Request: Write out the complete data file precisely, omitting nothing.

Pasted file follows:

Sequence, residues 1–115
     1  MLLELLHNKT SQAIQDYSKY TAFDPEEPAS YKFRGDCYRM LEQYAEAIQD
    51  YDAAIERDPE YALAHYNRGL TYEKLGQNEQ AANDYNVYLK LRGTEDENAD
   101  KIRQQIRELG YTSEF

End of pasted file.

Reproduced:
Sequence, residues 1–115
     1  MLLELLHNKT SQAIQDYSKY TAFDPEEPAS YKFRGDCYRM LEQYAEAIQD
    51  YDAAIERDPE YALAHYNRGL TYEKLGQNEQ AANDYNVYLK LRGTEDENAD
   101  KIRQQIRELG YTSEF